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Understanding Adolescent Health Risk and Protection in Rural Kenya

Molly Secor-Turner, Ph.D., R.N., and Brandy A. Randall, Ph.D.

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Things May Fall Apart…but You Will Make it Through with a Little Help from your Family, Friends, Teachers, and School

The transitions from childhood to adolescence and then from elementary to middle and high school and into college can be challenging for all youth.  However, they can be especially difficult for youth from low income, ethnic minority, or immigrant families.  As they transition to middle school, high school, and college, these youth often begin to exceed their parents’ level of schooling, thus making it necessary for them to rely on peers, teachers, and community mentors for help with school work and education/career goals  (Azmitia & Cooper, 2011; Cooper, 2011; Dennis, Phinney, & Chuateco, 2005).  In some cases, youths’ academic and career goals may be in conflict with the needs of their families and friends.  For example, families of college-bound youth may pressure them to attend a college close to home so they can continue to help the family economically, provide childcare, or serve as English translators (Chao, 2006; Grau, Azmitia, & Quatelbaum, 2008; Orellana, 2009; Syed, Azmitia, & Cooper, 2011).  Also, while their less-academically oriented friends often provide encouragement and support, over time higher achieving, low income, ethnic minority, or first generation students can feel alienated from their friends and peers. Because they also often feel they have little in common with their high achieving middle/upper income ethnic majority peers, these youth can feel that they do not belong at school, home, or their community (Azmitia & Radmacher, 2012; Azmitia, Syed, & Radmacher, in press; Johnson, Solbe, & Leonard, 2007; Orbe 2008; Ostrove & Long, 2009).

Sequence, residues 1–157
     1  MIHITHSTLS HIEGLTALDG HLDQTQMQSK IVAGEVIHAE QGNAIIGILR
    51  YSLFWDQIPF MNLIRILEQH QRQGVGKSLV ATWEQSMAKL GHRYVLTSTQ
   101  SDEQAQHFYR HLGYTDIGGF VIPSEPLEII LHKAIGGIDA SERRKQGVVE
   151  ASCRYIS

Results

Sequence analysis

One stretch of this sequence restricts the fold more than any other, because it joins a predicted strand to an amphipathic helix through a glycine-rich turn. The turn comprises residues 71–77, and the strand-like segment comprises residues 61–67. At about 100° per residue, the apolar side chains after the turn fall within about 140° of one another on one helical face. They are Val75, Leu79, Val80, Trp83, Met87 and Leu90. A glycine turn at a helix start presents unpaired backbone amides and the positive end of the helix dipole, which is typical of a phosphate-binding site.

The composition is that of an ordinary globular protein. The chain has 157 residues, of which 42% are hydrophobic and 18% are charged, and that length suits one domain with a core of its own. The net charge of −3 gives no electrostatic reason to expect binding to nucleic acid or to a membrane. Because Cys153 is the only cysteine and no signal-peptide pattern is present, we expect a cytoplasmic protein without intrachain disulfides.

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Who’s more likely to have sex, a girl who likes her body or one who doesn’t?

Rosalie Corona, Ph.D., Virginia Commonwealth University

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Talking about conflict with parents: Five observations and two questions

Adolescence is frequently portrayed as a time of increasing parent-child conflict, thanks in large parts to the roles played by G. Stanley Hall and Anna Freud.  As adolescents and their parents actively negotiate new roles, responsibilities, values, and expectations on the way to adulthood, parents also tend to disclose more personal information with their soon-to-be-adult adolescents than with younger children.  However, parent-adolescent conflict, even in small doses, can be distressing to children and is associated with emotional distress and unhappiness. 

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